Countries served:

Diocese of Iran

The Diocese of Iran was first established in 1912 as the Diocese of Persia and was incorporated into the Jerusalem Archbishopric in 1957.[9] Currently, there is an episcopal vacancy and the Vicar General is the Revd Albert Walters. The diocesan seat is Saint Luke's Church, Isfahan, Iran.

Diocese of Jerusalem

The current Anglican Bishop of Jerusalem is Suheil Dawani, who was installed on April 15, 2007.[10]

Since 2014 the Jerusalem diocese has again become an archbishopric, with its bishop styled "Archbishop in Jerusalem".[11][12] This title applies regardless of whether the current bishop is the primate of the province or not, and is a mark of the ambassadorial role of the archbishop in the Holy Land on behalf of the Anglican Communion.

The Diocese of Jerusalem covers Israel, the Palestinian territories, Jordan, Syria and Lebanon.

The diocesan seat is Cathedral Church of St George the Martyr, Jerusalem.

The parish with the largest congregation is the Church of the Redeemer, Amman, Jordan. The cornerstone of the church was laid in 1949, and the church houses both Arabic and English-speaking congregations today.[13]

Anglican realignment

President Bishop Mouneer Anis was the Chairman of the Global South and one of the seven Anglican archbishops present at the investiture of Foley Beach as the second Archbishop of the Anglican Church in North America at 9 October 2014. The seven Primates signed a statement recognizing Beach as a "fellow Primate of the Anglican Communion".[14] The province was represented at GAFCON III, in Jerusalem, on 17–22 June 2018, by a 13 members delegation, from Egypt, Ethiopia, Israel, Jordan and the United Arab Emirates.[15]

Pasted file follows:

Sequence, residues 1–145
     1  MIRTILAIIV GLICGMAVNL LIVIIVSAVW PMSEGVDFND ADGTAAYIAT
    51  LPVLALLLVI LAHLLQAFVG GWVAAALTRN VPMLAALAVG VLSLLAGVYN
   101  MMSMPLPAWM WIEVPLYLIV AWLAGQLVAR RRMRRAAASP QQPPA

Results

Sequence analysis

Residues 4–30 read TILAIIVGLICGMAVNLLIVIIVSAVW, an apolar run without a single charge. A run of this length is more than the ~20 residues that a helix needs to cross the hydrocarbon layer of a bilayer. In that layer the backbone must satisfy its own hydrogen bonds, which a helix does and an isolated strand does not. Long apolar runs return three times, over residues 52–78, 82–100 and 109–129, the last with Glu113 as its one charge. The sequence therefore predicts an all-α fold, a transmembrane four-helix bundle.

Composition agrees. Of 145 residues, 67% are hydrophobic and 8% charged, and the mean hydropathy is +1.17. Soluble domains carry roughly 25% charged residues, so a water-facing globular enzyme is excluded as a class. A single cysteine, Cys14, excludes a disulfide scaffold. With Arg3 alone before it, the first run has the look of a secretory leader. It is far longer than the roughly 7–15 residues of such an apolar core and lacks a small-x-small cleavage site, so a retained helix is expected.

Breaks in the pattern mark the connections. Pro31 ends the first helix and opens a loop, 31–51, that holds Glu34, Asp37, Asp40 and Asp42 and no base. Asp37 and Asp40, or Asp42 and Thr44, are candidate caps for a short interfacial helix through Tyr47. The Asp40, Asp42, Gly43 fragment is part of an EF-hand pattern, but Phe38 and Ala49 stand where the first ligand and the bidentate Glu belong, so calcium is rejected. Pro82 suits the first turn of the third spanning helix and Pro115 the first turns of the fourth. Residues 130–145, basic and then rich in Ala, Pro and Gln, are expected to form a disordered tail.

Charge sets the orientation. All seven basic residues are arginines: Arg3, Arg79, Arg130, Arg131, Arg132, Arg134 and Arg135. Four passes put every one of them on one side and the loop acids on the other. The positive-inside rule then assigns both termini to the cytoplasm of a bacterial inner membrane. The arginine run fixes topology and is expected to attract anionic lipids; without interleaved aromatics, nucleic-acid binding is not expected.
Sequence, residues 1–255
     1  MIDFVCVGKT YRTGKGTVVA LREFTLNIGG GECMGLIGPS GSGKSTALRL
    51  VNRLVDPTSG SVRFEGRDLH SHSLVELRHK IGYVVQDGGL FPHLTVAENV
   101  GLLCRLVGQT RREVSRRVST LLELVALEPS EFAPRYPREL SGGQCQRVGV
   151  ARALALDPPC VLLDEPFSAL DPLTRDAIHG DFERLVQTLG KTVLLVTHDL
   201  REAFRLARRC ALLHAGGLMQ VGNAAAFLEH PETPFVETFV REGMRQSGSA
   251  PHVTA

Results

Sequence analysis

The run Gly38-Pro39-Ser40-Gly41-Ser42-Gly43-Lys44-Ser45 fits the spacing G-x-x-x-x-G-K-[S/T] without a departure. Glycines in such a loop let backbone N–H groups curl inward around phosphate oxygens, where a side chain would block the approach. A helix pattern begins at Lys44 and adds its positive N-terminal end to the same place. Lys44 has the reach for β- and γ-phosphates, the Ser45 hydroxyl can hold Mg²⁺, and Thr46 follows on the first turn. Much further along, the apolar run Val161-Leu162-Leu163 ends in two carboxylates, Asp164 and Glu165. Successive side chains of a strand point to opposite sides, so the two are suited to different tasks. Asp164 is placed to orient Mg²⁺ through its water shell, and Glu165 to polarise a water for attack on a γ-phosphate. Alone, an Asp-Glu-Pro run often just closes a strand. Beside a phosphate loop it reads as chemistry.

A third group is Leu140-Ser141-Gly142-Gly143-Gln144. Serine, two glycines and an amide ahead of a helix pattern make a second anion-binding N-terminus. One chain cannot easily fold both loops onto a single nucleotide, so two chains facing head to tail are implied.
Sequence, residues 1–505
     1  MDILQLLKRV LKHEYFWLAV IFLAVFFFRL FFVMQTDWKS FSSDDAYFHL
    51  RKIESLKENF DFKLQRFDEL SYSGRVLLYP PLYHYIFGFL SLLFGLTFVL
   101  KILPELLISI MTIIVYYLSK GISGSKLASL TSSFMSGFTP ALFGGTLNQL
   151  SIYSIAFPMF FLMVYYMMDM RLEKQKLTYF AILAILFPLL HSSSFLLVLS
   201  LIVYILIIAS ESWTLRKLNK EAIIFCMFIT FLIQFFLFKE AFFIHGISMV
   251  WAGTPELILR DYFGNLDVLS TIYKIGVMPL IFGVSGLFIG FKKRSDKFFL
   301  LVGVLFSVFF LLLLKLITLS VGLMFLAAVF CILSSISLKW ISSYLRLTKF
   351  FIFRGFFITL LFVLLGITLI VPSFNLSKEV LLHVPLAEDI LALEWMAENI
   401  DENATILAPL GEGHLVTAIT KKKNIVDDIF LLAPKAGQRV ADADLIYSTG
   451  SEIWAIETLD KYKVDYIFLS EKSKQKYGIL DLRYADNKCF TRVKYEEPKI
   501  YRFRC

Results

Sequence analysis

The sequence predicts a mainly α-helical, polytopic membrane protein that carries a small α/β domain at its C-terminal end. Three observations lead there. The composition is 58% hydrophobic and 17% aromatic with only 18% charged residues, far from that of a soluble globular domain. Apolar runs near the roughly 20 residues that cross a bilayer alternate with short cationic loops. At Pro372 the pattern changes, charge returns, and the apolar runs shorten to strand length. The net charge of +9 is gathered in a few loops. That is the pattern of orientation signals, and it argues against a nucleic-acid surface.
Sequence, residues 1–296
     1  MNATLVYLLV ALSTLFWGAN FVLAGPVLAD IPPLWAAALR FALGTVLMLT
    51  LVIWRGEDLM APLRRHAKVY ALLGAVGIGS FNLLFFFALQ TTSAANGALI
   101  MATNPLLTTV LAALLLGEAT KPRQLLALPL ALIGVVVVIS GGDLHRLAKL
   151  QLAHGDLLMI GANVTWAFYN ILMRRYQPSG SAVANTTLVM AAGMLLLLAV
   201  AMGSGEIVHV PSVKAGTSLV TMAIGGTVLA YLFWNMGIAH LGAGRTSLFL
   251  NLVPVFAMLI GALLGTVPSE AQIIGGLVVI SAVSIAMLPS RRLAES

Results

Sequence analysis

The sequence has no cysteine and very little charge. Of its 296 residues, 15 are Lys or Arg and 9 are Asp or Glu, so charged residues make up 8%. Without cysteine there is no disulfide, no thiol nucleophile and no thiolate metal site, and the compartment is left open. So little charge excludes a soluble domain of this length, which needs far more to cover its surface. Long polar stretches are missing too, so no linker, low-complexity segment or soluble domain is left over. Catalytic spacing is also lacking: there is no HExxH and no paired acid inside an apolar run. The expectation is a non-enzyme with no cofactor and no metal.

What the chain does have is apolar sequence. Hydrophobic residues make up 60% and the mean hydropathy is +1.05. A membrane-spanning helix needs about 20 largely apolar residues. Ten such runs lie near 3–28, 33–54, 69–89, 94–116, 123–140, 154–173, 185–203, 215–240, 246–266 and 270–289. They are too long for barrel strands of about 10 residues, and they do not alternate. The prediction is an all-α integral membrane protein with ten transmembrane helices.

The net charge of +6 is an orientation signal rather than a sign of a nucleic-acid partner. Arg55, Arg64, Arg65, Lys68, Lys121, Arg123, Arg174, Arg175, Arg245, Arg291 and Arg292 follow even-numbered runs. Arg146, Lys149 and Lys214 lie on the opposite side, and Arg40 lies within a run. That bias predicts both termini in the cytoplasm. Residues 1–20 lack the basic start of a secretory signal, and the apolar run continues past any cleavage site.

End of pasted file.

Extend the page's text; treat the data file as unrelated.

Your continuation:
References

  1. ^ a b "Overview of the Province". The Jerusalem and the Middle East Church Association. Retrieved 26 June 2020.
  2. ^ a b "The Episcopal / Anglican Province of Alexandria officially inaugurated as 41st Province of the Anglican Communion". Anglican Communion News Service. Retrieved 3 July 2020.
  3. ^ White, Malcolm (April 2012). "Anglican Pioneers of the Ottoman Period". St Francis Magazine. 8 (2).
  4. ^ Miller, Duane Alexander (October 2012). "Christ Church (Anglican) in Nazareth". St Francis Magazine. 8 (5).
  5. ^ "Consecration of two new Arab bishops". Church Times (#5821). 6 September 1974. p. 2. ISSN 0009-658X. Retrieved 17 June 2019 – via UK Press Online archives.
  6. ^ Miller, Duane Alexander (August 2011). "Book Review: The Episcopal Church and the Middle East by Charles Thorley Bridgeman". St Francis Magazine. 7 (3): 126.
  7. ^ [1]
  8. ^ Diocese of Egypt — The Province (Accessed 7 November 2016)
  9. ^ Buchanan, Colin (2009). The A to Z of Anglicanism. Lanham, Maryland: Scarecrow Press. ISBN 978-0-8108-6842-7.
  10. ^ Miller, Duane Alexander (December 2007). "The Installation of a Bishop in Jerusalem: The Cathedral Church of St George the Martyr, 15 April 2007". Anglican and Episcopal History. 76 (4): 549–554. Retrieved 15 November 2012.
  11. ^ "A Brief History of the Diocese of Jerusalem". The Jerusalem and the Middle East Church Association. Retrieved 26 June 2020.
  12. ^ "Archbishop in Jerusalem". Anglican Communion. 17 June 2020. Retrieved 26 June 2020.
  13. ^ Miller, Duane Alexander (September 2007). "Morning Prayer, Low Style, in the Anglican Diocese of Jerusalem: Church of the Redeemer, Amman, Jordan, Sunday, 11 March 2007". Anglican and Episcopal History. 76 (3): 404–408.
  14. ^ A statement from the Primates of the Global South and the Global Fellowship of Confessing Anglican, 14 October 2014, Global South Anglican official website
  15. ^ GAFCON III largest pan-Anglican gathering since Toronto Congress of 1963

External links

This page was last edited on 6 January 2021, at 05:28